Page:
(1.) THIS Rule is at the instance of the second-party petitioner against two orders dated the 10th June, 1970, and 24th June, 1970, passed by Sri K. C. Mallick, Magistrate, 1st Class, Sealdah, district 24-Parganas in Miscellaneous petition No. 409 of 1970/- M. 150/70 under section 142 of the Code of Criminal Procedure.
(2.) THE facts leading on to the Rule are short and simple. The first-party, dilip Kumar Bose, is a resident of 1, Jugipara Lane, calcutta. The second party, Bhupen Guha, is the owner of two small factories carried on under the name and style, Guha and Company at premises No. 236/1, Vivekananda Road and. 57/6, Raja Dinendra Street, for some years. An application under section 133 criminal Procedure Code was filed by the first-party before the learned police Magistrate at Sealdah against the second-party as also his wife, Sm chhayarani Guha. The learned Police magistrate thereupon by his order dated the 13th May, 1970, directed the officer-in-charge, beliaghata Police Station to enquire and report by the 27th May, 1970, and further directed that in the meanwhile no breach of the peace may take place. The report ultimately arrived and on a perusal thereof, the learned police Magistrate by his order dated the 28th May, 1970, drew up proceedings against the two members of the second-party under section 133 Cr. P. C. directing them to desist from carrying on the trade or regulate it so that no noise is caused to the discomfort of the residents or to show cause before Sri k. C. Mallick, Magistrate, 1st Class, sealdah by the 20th June, 1970. Notices were accordingly issued. On the 10th june, 1970, the learned Magistrate went through the application filed by the first-party as also a mass petition filed by one Lakshmi Narayan Chatterjee and others and also certain affidavits filed on behalf of different persons and after hearing the lawyer of the applicant and going through the connected papers, the learned Magistrate was satisfied that there was a chance of the adjoining houses being cracked and damaged due to the hammering done by the members of the second-party in their factory and in that view he considered that immediate action under section 142 Criminal Procedure Code was necessary to prevent the imminent danger and accordingly issued an order of injunction against the two members of the second-party asking them to stop the functioning of the factory forthwith at the aforesaid two premises wherein they have been carrying on the business. Cause was directed to be shown by them on the date fixed. A prayer thereafter was made on behalf of the second-party for vacating the order dated the 10th June, 1970, and on the 15th June, 1970, the learned Magistrate heard both the sides and ultimately by his order dated the 24th june, 1970, he rejected the application filed on behalf of the second-party far vacating the order of injunction passed under section 142 Cr. P. C. This order has been impugned and forms the subject-matter of the present Rule.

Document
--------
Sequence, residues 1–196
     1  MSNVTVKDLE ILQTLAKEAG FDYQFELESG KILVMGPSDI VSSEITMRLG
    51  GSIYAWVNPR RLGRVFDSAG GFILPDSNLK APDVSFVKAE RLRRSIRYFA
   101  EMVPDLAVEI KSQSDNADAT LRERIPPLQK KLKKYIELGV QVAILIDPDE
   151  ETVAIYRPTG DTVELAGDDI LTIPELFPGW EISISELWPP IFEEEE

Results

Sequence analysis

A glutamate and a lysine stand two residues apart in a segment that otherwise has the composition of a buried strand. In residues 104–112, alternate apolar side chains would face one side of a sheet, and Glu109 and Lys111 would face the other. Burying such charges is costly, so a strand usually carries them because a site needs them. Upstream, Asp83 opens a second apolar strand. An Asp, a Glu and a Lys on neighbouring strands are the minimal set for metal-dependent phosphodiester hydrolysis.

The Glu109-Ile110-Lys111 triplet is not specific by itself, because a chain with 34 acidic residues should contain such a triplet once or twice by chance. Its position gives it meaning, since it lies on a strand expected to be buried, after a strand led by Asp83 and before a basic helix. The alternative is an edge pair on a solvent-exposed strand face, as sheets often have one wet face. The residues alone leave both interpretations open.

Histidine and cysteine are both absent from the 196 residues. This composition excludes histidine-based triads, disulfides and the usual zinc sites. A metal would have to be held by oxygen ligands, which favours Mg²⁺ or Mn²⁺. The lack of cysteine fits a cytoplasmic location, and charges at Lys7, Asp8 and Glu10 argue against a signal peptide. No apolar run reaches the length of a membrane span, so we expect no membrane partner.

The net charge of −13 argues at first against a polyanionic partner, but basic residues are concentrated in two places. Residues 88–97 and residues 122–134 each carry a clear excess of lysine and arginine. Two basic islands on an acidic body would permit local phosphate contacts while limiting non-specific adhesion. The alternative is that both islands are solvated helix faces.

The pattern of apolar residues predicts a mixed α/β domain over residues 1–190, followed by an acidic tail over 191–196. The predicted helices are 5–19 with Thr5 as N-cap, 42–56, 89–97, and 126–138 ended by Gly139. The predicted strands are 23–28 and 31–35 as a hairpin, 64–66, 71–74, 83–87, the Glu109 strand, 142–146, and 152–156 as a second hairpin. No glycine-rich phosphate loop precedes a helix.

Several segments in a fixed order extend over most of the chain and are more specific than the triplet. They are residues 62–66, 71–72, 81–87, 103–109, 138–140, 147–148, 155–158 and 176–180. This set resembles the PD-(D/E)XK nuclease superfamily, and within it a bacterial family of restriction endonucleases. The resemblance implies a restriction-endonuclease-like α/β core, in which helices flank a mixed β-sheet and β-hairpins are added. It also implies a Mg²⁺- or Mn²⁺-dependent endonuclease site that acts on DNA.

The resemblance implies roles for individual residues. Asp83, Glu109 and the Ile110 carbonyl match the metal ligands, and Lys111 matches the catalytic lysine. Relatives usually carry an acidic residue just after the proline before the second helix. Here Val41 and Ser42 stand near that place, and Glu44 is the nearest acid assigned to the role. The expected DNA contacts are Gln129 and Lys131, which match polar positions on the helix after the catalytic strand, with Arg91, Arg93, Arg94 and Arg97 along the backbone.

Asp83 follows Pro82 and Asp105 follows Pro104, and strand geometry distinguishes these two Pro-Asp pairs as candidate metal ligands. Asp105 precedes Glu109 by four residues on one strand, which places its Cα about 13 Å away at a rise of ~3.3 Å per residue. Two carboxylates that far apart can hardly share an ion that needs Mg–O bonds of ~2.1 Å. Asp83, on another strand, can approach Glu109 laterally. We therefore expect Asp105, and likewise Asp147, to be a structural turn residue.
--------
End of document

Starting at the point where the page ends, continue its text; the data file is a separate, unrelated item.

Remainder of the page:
(3.) MR. Jahar Lal Roy, Advocate (with Mr. Ram Chandra Srivastava advocate) appearing in support of the rule on behalf of the second-party petitioner, bhupen Guha, has made a twofold submission. Mr. Roy has contended in the first instance that there has been a non-conformance to the mandatory provision of section 142 Criminal procedure Code vitiating the resultant proceedings inasmuch as, amongst others the learned Magistrate who passed the order under section 142 Criminal procedure Code is not the magistrate who made the order under section 133 of the Code. Mr. Roy contended in the second place that the order dated the 10th June, 1970, is dehors the conditional order passed by the learned magistrate under section 133 Cr. P. C. on the 28th May, 1970, and as such is bad and repugnant. Mr. Sudhir Gopal poddar, Advocate (with Messrs. Kali chanran Sen and Sudhir Kumar Sen choudhury, Advocates), appearing on behalf of the first party-opposite party, joined issue. Mr. Poddar contended in the first instance that the words "a magistrate making an order" used in section 142, Criminal Procedure Code were not confined to the Magistrate making the order under section 133 of the Code but to any Magistrate as, otherwise the intention of the legislature would be unnecessarily circumscribed. Mr. Poddar further submitted that some meaning and effect must be given to the provision of the statute as otherwise this dominant intention behind the same cannot be given effect to and the legislature abhors redundancy. As to the second contention of mr. Roy, Mr. Poddar submitted that the objection taken by him is more technical than real because there is precious little difference between the conditional order passed on the 28th may, 1970 and the order of injunction passed under section 142, Criminal procedure Code, on the 10th June, 1970, inasmuch as the latter is included within the former. Mr. J. M. Banerjee, advocate, appearing on behalf of the state opposed the Rule, Mr. Banerjee contended that the objections taken by mr. Roy to the maintainability of the proceeding are unwarranted and untenable and at this stage of the proceedings the same should not be quashed for a purported non-conformance to the provision of section 142 Criminal Procedure code. In course of the argument it appeared that there is no direct case on the point as to whether the words "a Magistrate making an order" used in section 142 (1) Criminal Procedure Code mean "the Magistrate" who had passed the original order under section 133, Criminal Procedure Code. Mr. J. M. Banerjee, Advocate, appearing on behalf of the State submitted than the points appears to be one of first impression and Mr. Poddar also agreed that it was so. Mr. Roy appearing in support of the Rule also could not cite any decision on the point but merely pinpointed the provisions of section 142, Criminal Procedure Code, in support of his submission made in this behalf. In view of the importance of the points raised appearing to be one of first impression, the Court requested mr. Nalin Chandra Banerjee, a senior member of the Bar, to assist the Court as Amices Curiae and Mr. Banerjee was good enough to agree. Mr. Banerjee thereafter made his submission as to the interpretation of section 142 (1)Criminal Procedure Code, and the same would be considered in their proper context.;